Life’s unpredictable. Even the best-laid plans of mice and men can end with a dental crisis, a lot of bleeding and a broken tooth. When an emergency strikes time is of the essence but there are a few things you must consider before calling your emergency dentist.
What Is Considered a Dental Emergency?
The first thing to consider is, am I having a dental emergency? There are many different things that can be dental emergencies, and while some may seem obvious, others are more subtle and might be ignored.
Common dental emergencies include:
- You’re in severe and sustained pain.
- Your mouth is bleeding.
- You have lost a tooth.
- You have a loose or wobbly tooth.
- You’re having difficulty breathing or swallowing.
- You’re showing signs of infection.
An infection might be one of those things that you decide to ignore, but you absolutely mustn’t. A serious infection, such as Ludwig’s Angina or a severe tooth abscess can be life threatening as the infection can travel to the heart. If you have any sores that don’t heal, a bump on your gums, swelling around the cheeks, jaw or mouth, or a fever you may be having a dental emergency.
What Is Not a Dental Emergency
A general rule for a dental crisis is: if it’s severe pain, you’re having an emergency and you should see your dentist.
Should I Do Anything Beforehand?
The first thing you should do is remain calm. Most problems can be fixed. Call your dentist and explain the problem. They’ll let you know if it’s a dental emergency and what you should do.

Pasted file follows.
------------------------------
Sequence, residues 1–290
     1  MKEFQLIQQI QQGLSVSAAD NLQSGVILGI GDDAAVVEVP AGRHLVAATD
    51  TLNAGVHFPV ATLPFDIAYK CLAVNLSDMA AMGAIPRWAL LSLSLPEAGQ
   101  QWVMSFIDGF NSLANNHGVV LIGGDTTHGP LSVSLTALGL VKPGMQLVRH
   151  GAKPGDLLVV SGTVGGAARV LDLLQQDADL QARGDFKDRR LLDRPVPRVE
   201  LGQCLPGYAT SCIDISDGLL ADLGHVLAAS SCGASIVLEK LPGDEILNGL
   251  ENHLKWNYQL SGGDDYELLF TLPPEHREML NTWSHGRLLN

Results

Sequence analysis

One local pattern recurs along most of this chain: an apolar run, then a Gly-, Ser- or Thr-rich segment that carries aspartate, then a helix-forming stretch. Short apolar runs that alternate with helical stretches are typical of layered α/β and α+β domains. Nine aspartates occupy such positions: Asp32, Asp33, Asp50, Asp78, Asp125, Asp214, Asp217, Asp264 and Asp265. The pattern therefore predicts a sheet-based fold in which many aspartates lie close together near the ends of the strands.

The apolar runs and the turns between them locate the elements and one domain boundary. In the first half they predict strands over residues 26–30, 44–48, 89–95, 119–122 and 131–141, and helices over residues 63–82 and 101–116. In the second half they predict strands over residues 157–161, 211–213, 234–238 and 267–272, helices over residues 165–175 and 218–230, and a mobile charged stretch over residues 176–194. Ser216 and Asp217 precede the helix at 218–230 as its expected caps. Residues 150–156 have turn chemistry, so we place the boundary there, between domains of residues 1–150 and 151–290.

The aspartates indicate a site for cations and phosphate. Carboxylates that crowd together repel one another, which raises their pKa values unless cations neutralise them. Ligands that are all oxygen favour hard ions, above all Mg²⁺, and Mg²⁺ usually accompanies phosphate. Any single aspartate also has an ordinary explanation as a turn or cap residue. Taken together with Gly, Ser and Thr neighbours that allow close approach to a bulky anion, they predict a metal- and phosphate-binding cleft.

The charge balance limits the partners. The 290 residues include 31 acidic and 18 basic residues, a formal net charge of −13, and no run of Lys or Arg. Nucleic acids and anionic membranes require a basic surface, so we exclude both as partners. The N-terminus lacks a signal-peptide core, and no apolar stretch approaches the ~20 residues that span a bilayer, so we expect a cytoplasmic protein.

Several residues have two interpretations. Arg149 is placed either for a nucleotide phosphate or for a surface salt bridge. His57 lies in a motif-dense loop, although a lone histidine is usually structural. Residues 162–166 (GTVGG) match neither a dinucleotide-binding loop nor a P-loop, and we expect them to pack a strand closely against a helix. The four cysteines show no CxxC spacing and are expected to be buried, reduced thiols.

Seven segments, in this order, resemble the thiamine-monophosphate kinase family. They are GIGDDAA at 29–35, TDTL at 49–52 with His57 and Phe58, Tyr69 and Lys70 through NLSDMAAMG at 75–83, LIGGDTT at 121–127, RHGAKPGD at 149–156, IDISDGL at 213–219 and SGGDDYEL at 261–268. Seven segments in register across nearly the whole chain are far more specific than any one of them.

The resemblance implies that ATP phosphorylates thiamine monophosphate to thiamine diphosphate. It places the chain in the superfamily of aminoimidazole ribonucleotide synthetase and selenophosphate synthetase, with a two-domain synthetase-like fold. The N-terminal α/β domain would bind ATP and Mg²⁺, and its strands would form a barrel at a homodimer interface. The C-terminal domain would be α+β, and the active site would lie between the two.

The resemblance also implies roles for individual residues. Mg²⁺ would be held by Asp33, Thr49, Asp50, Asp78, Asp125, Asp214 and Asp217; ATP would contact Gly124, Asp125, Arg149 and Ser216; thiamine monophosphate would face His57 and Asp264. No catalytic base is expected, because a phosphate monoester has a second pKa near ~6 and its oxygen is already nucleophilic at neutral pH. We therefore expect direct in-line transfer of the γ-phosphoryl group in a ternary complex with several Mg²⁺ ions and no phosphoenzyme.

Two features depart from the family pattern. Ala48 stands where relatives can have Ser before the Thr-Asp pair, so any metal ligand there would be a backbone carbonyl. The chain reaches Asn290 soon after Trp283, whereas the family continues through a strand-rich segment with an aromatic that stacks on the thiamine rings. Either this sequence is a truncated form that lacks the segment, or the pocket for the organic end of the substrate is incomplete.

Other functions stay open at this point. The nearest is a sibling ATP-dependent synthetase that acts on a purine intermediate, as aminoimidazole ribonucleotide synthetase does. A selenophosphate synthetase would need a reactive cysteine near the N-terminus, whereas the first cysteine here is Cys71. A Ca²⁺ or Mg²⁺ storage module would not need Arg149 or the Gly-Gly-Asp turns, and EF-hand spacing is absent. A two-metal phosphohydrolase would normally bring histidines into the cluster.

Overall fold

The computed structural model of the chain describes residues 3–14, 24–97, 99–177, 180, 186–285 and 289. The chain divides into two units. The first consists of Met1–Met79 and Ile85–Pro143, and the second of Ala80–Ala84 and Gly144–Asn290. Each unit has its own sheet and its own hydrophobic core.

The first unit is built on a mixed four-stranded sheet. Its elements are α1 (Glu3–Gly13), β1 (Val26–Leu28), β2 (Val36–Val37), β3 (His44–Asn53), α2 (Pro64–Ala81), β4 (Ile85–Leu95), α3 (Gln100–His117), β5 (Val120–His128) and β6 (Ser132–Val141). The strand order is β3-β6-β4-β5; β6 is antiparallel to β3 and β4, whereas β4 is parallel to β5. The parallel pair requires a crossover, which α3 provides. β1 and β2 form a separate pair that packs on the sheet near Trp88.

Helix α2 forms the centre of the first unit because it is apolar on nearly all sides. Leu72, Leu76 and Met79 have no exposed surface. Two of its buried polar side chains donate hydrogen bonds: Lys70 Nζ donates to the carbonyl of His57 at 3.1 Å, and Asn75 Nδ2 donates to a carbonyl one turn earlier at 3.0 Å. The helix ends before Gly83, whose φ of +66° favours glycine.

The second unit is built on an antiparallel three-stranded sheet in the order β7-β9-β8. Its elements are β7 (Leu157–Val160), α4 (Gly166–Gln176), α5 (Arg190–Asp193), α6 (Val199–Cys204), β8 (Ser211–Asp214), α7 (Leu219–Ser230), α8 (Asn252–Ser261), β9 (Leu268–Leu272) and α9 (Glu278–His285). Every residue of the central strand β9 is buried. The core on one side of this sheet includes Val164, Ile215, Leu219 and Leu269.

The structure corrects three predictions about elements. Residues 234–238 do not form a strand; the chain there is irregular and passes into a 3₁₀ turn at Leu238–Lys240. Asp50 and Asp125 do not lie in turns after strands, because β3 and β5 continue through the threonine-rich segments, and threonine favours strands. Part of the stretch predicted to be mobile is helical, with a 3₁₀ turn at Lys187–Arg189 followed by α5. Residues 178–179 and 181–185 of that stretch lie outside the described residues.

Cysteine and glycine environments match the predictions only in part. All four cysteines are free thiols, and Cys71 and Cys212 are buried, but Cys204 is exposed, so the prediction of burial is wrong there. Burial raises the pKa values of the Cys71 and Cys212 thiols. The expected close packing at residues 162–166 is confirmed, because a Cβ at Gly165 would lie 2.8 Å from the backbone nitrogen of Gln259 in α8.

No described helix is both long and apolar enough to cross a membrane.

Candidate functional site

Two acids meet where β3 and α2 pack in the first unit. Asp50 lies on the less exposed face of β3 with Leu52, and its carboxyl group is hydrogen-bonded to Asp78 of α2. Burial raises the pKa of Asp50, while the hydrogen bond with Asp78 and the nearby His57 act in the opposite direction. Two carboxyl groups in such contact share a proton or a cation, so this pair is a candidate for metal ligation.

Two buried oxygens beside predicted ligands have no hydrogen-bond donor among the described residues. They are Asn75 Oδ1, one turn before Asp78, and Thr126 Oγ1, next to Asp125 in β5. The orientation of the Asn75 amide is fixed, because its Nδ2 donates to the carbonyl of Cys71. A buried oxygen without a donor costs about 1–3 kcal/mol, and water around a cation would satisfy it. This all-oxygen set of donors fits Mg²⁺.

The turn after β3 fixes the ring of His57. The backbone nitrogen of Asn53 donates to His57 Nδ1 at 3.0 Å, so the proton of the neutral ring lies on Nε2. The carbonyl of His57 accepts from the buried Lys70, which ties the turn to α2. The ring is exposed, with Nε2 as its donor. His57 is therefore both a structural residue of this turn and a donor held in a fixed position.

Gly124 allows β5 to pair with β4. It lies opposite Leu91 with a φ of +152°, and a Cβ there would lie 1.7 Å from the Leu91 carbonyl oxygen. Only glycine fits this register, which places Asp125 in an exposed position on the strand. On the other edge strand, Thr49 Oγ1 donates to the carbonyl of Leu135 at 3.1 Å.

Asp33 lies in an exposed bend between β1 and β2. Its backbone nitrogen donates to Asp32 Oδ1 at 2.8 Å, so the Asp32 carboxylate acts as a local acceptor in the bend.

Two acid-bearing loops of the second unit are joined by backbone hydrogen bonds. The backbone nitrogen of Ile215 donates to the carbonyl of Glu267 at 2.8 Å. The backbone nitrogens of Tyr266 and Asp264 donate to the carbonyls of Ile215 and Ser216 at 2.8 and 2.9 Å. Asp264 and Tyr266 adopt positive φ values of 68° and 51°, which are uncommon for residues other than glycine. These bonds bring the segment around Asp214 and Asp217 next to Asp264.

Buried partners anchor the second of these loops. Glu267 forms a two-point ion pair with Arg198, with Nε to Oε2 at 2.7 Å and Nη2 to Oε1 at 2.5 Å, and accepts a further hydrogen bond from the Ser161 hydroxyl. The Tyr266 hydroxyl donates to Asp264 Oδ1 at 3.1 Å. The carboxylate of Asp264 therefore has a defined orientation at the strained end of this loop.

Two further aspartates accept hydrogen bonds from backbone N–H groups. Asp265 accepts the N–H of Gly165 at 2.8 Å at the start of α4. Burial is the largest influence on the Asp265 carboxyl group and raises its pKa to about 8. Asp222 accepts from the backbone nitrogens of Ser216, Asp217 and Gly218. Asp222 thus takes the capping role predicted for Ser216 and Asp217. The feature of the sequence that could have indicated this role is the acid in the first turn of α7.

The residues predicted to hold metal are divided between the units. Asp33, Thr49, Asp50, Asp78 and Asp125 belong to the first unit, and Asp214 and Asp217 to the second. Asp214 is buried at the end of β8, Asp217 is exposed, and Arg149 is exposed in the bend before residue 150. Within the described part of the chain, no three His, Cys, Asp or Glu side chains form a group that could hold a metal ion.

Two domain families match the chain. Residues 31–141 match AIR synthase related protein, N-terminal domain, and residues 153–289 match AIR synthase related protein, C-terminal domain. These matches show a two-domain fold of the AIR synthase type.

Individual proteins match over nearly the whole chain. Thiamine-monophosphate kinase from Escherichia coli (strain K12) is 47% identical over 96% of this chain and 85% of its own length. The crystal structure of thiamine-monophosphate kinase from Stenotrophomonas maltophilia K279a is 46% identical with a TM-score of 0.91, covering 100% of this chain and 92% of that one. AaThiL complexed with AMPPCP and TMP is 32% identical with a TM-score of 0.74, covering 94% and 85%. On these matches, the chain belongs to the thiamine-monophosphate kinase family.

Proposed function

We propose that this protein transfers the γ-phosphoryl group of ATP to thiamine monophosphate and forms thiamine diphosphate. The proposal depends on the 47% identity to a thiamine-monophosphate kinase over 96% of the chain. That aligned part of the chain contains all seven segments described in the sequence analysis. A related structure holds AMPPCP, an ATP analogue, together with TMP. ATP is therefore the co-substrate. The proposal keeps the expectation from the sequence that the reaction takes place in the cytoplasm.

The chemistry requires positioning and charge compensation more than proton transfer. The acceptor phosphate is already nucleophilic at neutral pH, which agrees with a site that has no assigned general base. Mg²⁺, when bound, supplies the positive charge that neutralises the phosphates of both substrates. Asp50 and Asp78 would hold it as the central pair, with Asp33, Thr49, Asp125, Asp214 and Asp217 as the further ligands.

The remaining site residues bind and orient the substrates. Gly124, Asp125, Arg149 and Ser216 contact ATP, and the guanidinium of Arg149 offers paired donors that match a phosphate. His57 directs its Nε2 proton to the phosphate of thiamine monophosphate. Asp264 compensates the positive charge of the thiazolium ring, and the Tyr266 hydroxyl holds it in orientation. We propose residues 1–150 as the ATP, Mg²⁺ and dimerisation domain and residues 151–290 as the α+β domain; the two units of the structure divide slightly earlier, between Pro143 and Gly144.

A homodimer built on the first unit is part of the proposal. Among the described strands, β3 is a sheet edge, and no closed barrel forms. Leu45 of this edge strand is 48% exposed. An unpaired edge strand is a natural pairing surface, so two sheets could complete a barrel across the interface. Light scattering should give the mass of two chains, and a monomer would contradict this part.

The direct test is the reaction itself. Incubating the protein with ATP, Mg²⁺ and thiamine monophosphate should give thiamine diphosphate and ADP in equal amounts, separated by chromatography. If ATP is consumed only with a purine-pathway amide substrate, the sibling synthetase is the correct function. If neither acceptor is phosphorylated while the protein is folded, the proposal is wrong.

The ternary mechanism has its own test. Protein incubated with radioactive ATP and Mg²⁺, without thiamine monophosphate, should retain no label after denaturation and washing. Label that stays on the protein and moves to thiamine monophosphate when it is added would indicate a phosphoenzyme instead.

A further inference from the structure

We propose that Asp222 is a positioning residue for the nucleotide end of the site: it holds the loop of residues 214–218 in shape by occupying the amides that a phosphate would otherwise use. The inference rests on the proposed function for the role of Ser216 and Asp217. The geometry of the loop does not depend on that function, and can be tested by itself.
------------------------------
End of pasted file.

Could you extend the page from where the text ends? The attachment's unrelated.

If it’s an overnight dental emergency, call your dentist as they may be able to see you or have a number you can call. Otherwise, you should find an emergency walk-in dentist.
If it’s serious enough you may need to go to the emergency room. Though you’ll still need to visit the dentist at some point.
Depending on the nature of the emergency there’s a few things you consider beforehand.
If a tooth has been knocked out or part has broken off:
- You should rinse the tooth off and keep it in a container of milk or the relevant individual’s saliva. This will keep the tooth safe from bacteria.
- Try to touch the tooth as little and as gently as possible. The tooth is very sensitive and may get damaged if you handle it too roughly.
- Apply a gauze to the gap to help with any bleeding.
If a tooth is broken:
Rinse your mouth out with warm water and treat the swelling.
If your tooth is loose:
- Very, very gently reposition the tooth.
- Gently bite down to prevent the tooth from moving.
If you’re bleeding from the mouth or showing signs of oral infection:
- Get to the dentist as soon as possible.
If you need pain killers, try to avoid aspirin. It’s an anticoagulant (blood thinner) and may cause bleeding issues if you require surgery.
Should I Bring Anything?
Make sure to bring your Medicare card, as you may be eligible for coverage. Otherwise, bring your private health insurance card. The last thing you want after an emergency is to face a big bill.
And if you have broken or lost a tooth, remember to bring the tooth.
How Do I Get an Emergency Dentist Appointment?
In an emergency, it’s important to know you’re in safe hands. At Stanley St. Dental we have the latest in dental technology and the best dentists in Collingwood. Should a dental crisis strike, you can get in contact with us, and our friendly staff will have you smiling again in no time.